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Noninvasive Cardiology

Exercise Stress Testing
A stress test, sometimes called a treadmill or an exercise test, helps your doctor see how well your heart works during physical activity.

As your body works harder during the test, it needs more oxygen and energy. To meet this demand the heart must beat faster and harder. The test shows if your heart gets enough blood from its own arteries to work harder, safely. Taking the stress test also helps your doctor know what type of exercise and how much is right for you.

The basic stress test requires leads on the chest to provide the signal. The electrocardiogram is the electrical signal the doctor monitors during the test. The doctor monitors your heart rate, heart rhythm, and looks for changes which suggest that the heart itself is not receiving enough blood. They will record an electrocardiogram at rest, at peak exercise, and afterwards. He/she will also check your blood pressure before, during and after the test. The doctor will ask about symptoms and how tired you feel.

Initially the test starts slowly. With time the speed or incline (hill) may increase. You can stop the test at any time if you need to. You are encouraged to do the best you can but not to hide symptoms. After the test you may sit or lie down while the doctor continues to monitor your heart rate, ECG, and blood pressure.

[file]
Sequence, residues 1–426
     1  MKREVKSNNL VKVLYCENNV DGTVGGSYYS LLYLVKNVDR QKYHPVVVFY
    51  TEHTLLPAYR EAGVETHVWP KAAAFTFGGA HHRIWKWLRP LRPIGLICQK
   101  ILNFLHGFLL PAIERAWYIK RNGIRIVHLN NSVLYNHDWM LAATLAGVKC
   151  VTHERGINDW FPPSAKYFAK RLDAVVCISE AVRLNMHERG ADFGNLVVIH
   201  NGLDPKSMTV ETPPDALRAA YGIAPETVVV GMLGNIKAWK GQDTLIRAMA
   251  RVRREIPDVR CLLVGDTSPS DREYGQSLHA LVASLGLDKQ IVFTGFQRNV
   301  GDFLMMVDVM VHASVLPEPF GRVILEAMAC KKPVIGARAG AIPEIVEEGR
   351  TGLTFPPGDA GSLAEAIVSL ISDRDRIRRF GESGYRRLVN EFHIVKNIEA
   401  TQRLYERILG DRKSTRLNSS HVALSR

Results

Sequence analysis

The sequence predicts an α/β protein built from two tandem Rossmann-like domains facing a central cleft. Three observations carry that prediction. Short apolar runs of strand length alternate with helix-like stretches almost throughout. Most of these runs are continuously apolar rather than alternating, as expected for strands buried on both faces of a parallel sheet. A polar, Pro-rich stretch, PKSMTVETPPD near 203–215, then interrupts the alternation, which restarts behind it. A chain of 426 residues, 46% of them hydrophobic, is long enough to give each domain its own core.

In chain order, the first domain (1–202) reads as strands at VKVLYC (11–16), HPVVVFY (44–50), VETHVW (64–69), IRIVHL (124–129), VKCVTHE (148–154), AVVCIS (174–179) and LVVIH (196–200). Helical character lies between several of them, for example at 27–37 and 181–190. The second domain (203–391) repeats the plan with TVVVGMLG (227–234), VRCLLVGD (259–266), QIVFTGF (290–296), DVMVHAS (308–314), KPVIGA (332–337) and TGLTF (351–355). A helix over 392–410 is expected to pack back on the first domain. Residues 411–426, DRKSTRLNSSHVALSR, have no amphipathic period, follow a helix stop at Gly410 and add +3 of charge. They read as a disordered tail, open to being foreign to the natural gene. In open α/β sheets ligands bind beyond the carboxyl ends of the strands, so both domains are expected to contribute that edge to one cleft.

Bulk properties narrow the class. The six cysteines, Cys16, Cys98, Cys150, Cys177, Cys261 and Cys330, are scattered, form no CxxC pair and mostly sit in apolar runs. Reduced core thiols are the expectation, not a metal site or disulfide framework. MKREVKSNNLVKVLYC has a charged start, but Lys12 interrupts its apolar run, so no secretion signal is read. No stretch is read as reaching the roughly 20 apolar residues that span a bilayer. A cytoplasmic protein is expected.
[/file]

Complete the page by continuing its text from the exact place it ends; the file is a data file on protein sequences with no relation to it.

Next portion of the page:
Common Questions Asked About Stress Testing

Is it safe?
There is little risk and medical professionals are present to respond to any unusual happening.

Will I need other tests?
The results of the exercise test may suggest to your doctor that you need further studies or eliminate the need for further studies.

What should I wear?
Comfortable clothing and shoes.

How long will it take?
Routine stress testing takes about an hour. If images are required, the test can take about 90 minutes. Usually, you must return for more pictures 3-4 hours later, so the entire test with images can take 5 hours.







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Types of Stress Testing
You may need other types of stress tests. Your doctor will decide which test is best for you. These other stress tests may use a treadmill or bicycle. The type of pictures the doctor wants to see determines which test they will pick.
Images of heart's blood supply:
Perfusion imaging

1. Thallium-201 stress test
2. Technetium-99m sestamibi stress test

Images of how the heart works
Functional imaging

1. First pass exercise test
2. Echocardiographic stress test

Images of both types
1. Technetium-99m sestamibi stress test.
If a patient cannot walk adequately on a treadmill, the doctor may request a stress test without exercise. Certain drugs, such as persantine and dobutamine can stimulate the heart adequately to obtain satisfactory pictures of the heart in action.

Exercise Stress Echocardiography
An exercise stress echocardiography is a test that shows the activity of the heart during exercise. It may also be called exercise echo or stress echo. This test shows how well your heart can handle stress. Exercise is a form of body stress. The longer you exercise, the harder your body needs to work.

An exercise stress echocardiography uses sound waves to make images of the heart before, during, and after the exercise. Images at rest are compared with those during and after exercise to know how the heart responds to exercise. There are times when arteries of the heart get blocked and its muscles get damaged. When this happens, the heart must work even harder to supply oxygen-rich blood to the body. The damage or blockage may be seen when an exercise echo is done.


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